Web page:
It's been a crazy week of appointments.  New Primary, who I really like.  Saw the specialist for treatment of my paralyzed vocal cord.  Tried to see the speech therapist but I got there and they decided they didn't take my insurance. (Nice, eh?)  But the amazing social worker from the UFT did a follow up call to check on me yesterday and was able to get me a referral for someone close to work who takes my insurance.  I went to see my new endocrinologist this morning.  I liked her.  She spent a long time with me, meticulously going over my history, the pathology from my thyroid, everything...

There were 4 instances of cancer that were each less than one cm, called "micro cancer", two one each side on my thyroid.  Because of this, the Endo believes that RAI treatment is necessary. RAI also called Radioactive Iodine Ablation treatment is relatively easy, and I use the term loosely.  Here is some info on RAI (if you don't want to know skip over the blue text):

Radioactive Iodine Ablation Treatment for Differentiated Thyroid Cancer
You may receive radioactive iodine (also known as radioiodine, I-131 or RAI) some weeks after surgery to eliminate (ablate) any remaining papillary or follicular thyroid cancer cells or normal thyroid tissue that the surgeon could not remove. Ablation also aims to eliminate any thyroid cancer cells that may have spread to other parts of the body.
Eliminating the remnant of normal thyroid tissue will make it easier to do the ongoing monitoring for any possible recurrence. RAI ablation has also been shown to improve survival rates if the cancer has spread to the neck or other parts of the body....
If RAI is part of your treatment, you will probably receive it between 3 and 6 weeks after your surgery. You will swallow the RAI in the form of either one or more capsules (pills) or a liquid.
RAI works because the thyroid gland needs iodine and absorbs it from the bloodstream. When you swallow the RAI (the isotope I-131), it goes through your bloodstream to your thyroid tissue. The radiation destroys thyroid cells, both cancerous and normal thyroid cells, with minimal effects on the rest of your body.
The dosage of I-131 used for ablation is measured in millicuries. The dose for remnant ablation may range from 30 millicuries to 100 millicuries. Sometimes the dose is higher (100 to 200 millicuries) for people with more extensive disease. Very rarely, the dose may be larger still.

So here is what the next steps are....
April 21- Injection to help my vocal cord function come back.
June 1- Begin low iodine diet, stop taking synthetic thyroid
June 16- blood work- to check levels.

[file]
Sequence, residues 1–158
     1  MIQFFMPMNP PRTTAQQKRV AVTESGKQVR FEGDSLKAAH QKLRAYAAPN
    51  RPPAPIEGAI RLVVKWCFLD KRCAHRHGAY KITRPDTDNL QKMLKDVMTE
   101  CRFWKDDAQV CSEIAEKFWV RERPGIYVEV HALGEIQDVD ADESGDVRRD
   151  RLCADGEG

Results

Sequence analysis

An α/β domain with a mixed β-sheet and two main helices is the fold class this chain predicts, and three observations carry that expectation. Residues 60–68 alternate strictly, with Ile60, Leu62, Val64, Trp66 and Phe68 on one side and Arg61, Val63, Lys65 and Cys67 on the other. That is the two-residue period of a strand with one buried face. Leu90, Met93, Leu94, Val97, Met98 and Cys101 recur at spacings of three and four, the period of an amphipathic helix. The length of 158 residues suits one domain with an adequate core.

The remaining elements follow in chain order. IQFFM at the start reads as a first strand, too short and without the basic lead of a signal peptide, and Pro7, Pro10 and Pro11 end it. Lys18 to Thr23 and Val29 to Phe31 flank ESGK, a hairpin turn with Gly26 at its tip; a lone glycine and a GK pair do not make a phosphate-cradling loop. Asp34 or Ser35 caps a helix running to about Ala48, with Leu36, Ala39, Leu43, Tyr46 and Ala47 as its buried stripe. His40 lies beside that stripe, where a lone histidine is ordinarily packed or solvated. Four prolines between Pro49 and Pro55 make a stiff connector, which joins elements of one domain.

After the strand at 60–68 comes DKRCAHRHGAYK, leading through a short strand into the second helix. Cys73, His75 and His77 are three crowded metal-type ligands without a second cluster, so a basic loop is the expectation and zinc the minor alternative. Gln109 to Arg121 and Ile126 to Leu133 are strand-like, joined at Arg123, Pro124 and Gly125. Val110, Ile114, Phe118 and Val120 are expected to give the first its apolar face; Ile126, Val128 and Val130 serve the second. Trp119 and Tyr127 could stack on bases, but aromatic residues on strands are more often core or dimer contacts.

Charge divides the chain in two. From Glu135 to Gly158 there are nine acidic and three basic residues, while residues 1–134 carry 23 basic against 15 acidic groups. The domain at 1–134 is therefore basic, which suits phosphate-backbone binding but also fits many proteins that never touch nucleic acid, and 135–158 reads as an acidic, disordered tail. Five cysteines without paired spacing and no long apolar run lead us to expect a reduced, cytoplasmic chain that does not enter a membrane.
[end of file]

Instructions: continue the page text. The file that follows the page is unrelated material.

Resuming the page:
June 17- Have the RAI Treatment (at the hospital, down with Nuclear Medicine Docs) home that day
June 18-20- In quarantine at home- all things separate- no touching, Rose will go to Joann's for at least a                     week.
June 21-30- Continue to be separate, separate beds, utensils, etc.  Sit at least 6 feet apart...
                    This week also go for full body scan for thyroid cells.
July 1- Meet with Endo...
So there it is.  I can check Radioactive off my bucket list!

Saturday, March 28, 2015

Fight The Good Fight

In Florence + The Machine's epic hit Shake It Out there is a line:

I can't tell you how many times I have listened to that song in the last month.  Especially in the days learning up to my surgery.  I have held fast that, It's always darkest before the dawn, as Florence sang.  I was scared and angry and struggling with not knowing what would come after my surgery.  I was quickly learning that with treatment of cancer, it is a one-step-at-a-time thing; do one thing, see how it goes, then do the next according to the result.  I am sure Dr. Lagmay, my ENT had provisions for all the variables but that was on his end and to some degree his hands were tied- he can only do his part as well as he can and then wait for pathology to come back to determine what comes next.  As a teacher, when I plan, I write lessons- each step leading to a final goal and ultimately the objective of the lesson.  On my end though, I can only do one step at a time.  It was maddening to not be able to plan all the steps ahead of time.

In pre-op waiting to go in.
By 7 AM I was all set: had been poked to death by an anesthesiology student who could not get the IV into my arm, had been asked 100 times what my name was and what I was having done, and had transformed into the foxy lady!

The surgery, intended to take 90 minutes took three hours.  The mass in my neck, now being referred to as a tumor, was larger than my fist (bigger than a baseball).  The surgical report is meticulous, chronicling each movement of each part of my anatomy as Lagmay worked carefully to remove it from my neck. In addition to the tumor, my thyroid was successfully removed and I later found out all the parathyroids were saved (they control how your body uses calcium).